I expect to see fully automated and intercommunicating cars in my lifetime. Cars that not only can navigate a sea of bad drivers but eventually be full of only robotic cars that can orchestrate a complex choreography for the most efficient traffic patterns. Or at least, I wouldn't be surprised to see this since a lot of progress towards a goal like this has been made already. Not only could a computer respond to sensory perceptions better than a human (your car does this to some extent already), it could let several cars behave more like a train and avoid leaving large spaces between individual cars that we have to leave due to our (correctly acknowledged) lack of information about the other drivers and our own reaction times. This post isn't really about the technology behind this and how it could improve efficiency though, but rather the political and emotional responses I worry would inevitably take place.
There would likely still be accidents because the algorithms would need to be continually improved and there may be some things that just aren't controllable or realized. Sometimes there will be isolated reports of horrendous accidents that everyone at the water cooler agrees could not have happened without this new automated system. People are scared because of a perceived lack of control and long to go back to the state where they had it. This system is not perfect so perhaps it should be dropped to go back to the drawing board.
This is what I fear happening (and expect, but hopefully it's a minority) but it's a fallacious argument because it ignores the alternative. First, let's assume that the system is not objectively worse than what we currently have (if the number of accidents increased by this system would be a pretty obvious decision that the proposed algorithms and sensors were not good enough and we should drop this). Even if you had a relative drop in accidents of 80% you could still have cases where the algorithm wasn't quite right or did not or could not account for something and there is an accident. Still, an 80% reduction is a <biden>big fucking deal</biden>. The person in the previous paragraph who is scared to have a lack of control is correct that he doesn't fully control his environment, but how much control did he actually have before? How much control did he have over the drunk or tired or bad driver, his own poor driving skills, or any events in which limited human perception and reaction were inferior to that of a computer? If this system generated a handful of ghastly accidents cannot we sympathize with the victims while still realizing that it is statistically better than many handfuls of ghastly accidents caused by other means?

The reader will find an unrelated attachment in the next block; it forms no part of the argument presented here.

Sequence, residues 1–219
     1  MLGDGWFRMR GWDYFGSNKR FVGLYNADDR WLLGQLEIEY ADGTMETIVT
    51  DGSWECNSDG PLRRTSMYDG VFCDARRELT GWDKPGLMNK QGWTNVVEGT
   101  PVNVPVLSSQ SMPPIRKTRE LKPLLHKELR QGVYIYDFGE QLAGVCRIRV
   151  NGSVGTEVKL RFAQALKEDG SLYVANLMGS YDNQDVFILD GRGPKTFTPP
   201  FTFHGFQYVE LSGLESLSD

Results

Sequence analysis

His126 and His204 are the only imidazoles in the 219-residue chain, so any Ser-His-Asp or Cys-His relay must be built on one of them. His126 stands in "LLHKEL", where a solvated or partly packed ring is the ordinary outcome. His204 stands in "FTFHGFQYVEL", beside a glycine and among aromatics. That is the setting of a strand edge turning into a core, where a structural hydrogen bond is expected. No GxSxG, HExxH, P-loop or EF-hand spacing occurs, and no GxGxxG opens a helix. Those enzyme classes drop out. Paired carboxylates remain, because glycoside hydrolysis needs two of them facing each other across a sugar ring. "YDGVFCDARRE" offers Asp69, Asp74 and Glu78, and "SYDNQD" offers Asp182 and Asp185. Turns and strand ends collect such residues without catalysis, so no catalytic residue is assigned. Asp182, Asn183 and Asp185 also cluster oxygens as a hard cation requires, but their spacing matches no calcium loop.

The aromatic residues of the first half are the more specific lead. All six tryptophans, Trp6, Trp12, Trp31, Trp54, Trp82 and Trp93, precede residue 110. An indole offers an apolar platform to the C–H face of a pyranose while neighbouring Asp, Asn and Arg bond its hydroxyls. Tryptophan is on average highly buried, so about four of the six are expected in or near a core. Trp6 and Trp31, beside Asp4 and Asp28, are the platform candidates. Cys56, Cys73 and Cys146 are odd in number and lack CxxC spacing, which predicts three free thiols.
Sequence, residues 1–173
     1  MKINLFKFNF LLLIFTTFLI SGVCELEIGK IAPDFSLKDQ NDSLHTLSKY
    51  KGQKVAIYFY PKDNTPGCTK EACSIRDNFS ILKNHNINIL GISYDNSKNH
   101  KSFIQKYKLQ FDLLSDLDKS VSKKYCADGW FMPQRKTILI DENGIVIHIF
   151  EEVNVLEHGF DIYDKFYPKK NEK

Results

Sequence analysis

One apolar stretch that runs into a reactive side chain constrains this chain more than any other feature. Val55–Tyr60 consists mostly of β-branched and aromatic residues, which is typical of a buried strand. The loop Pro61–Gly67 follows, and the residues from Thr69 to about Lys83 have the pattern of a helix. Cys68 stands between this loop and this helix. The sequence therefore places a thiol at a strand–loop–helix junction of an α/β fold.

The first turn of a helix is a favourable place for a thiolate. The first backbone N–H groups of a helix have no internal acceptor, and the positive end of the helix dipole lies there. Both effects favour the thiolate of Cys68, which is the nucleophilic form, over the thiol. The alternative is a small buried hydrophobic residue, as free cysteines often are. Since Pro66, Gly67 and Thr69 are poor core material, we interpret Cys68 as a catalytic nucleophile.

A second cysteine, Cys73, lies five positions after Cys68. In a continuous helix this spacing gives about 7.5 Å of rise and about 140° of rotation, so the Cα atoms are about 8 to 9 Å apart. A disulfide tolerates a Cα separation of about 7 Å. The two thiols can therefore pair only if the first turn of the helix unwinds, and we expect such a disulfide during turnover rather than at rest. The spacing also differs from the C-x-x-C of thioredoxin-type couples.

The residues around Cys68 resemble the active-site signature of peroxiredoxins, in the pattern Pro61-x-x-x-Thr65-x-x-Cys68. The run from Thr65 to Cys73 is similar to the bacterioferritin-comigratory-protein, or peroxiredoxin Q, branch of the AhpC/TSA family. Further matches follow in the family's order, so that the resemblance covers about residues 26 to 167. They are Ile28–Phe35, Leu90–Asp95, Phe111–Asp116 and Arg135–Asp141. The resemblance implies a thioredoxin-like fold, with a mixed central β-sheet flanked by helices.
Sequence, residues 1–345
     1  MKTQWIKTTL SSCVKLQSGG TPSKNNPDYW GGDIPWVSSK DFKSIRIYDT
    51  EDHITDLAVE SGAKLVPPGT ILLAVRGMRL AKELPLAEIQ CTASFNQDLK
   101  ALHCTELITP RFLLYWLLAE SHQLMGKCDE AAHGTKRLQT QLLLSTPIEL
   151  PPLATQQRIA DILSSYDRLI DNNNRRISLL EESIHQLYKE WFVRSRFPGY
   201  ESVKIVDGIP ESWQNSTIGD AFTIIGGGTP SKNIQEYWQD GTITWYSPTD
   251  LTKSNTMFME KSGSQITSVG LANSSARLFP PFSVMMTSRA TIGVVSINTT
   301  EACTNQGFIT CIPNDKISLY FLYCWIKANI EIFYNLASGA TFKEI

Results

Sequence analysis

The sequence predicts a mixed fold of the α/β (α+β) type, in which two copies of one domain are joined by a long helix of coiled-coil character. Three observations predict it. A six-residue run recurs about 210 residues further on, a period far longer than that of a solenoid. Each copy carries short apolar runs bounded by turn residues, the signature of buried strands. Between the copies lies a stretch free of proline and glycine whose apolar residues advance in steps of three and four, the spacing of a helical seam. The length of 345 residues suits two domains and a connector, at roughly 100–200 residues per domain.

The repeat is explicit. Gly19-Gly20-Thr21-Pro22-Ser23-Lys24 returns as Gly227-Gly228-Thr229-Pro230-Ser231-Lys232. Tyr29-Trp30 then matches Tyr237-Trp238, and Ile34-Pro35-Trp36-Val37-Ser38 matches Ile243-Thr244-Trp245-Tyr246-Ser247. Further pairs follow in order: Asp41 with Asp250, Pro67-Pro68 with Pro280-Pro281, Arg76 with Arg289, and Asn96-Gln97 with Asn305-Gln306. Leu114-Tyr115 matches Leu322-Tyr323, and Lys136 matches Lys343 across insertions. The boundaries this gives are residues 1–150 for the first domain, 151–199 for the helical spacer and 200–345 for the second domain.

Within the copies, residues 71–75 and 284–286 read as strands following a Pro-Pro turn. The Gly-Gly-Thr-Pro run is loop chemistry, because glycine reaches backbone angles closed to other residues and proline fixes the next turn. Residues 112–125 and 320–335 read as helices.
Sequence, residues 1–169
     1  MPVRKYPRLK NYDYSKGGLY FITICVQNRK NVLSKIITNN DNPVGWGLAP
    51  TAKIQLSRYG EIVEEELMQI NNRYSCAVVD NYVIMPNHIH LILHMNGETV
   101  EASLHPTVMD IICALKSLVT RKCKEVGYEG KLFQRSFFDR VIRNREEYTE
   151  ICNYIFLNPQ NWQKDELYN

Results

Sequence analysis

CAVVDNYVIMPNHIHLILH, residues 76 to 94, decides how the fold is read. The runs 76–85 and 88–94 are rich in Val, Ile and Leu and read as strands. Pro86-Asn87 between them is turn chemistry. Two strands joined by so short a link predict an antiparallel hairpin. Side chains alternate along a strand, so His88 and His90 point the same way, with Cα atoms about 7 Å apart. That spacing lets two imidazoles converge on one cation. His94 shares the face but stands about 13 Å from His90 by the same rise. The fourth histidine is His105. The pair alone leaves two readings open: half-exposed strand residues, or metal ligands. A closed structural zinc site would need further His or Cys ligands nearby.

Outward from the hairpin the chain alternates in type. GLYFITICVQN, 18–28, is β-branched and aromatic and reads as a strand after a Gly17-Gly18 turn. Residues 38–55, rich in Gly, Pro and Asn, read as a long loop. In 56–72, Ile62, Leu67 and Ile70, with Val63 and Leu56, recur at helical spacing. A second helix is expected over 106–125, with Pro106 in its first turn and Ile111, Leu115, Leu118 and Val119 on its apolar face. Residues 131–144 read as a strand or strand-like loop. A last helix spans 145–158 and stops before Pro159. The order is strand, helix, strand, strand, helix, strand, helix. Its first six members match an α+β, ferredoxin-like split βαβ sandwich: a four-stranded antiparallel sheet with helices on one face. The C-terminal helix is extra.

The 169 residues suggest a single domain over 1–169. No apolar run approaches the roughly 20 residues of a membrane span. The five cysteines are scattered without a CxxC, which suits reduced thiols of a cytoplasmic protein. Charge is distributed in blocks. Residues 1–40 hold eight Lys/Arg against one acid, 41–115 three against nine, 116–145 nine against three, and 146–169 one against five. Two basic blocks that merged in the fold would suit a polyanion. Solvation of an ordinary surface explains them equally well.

I think you'd also have claims that a lot of the problems this would solve (although not the traffic efficiency) could already be handled if people did the right thing™. You can try to cut down on drunk driving by instituting a number of programs, penalties, and education to address the concerns. These may be philosophically valid arguments, but there is still a problem of efficacy. This automated system would cut down on drunk driving related incidents alone tremendously. Personally, if it means a loved one doesn't die I don't care if it's because the actor simply did not drive drunk or because the actor was drunk but the car was driving for him. Is it really that bad that the issue would be improved by technology rather than a morally righteous social justice?
A system of fully automated and choreographed cars doesn't need to be perfect and 100% safe to be the appropriate solution - it needs to be better than that alternatives. (And yes, this can be used as an allegory for many things).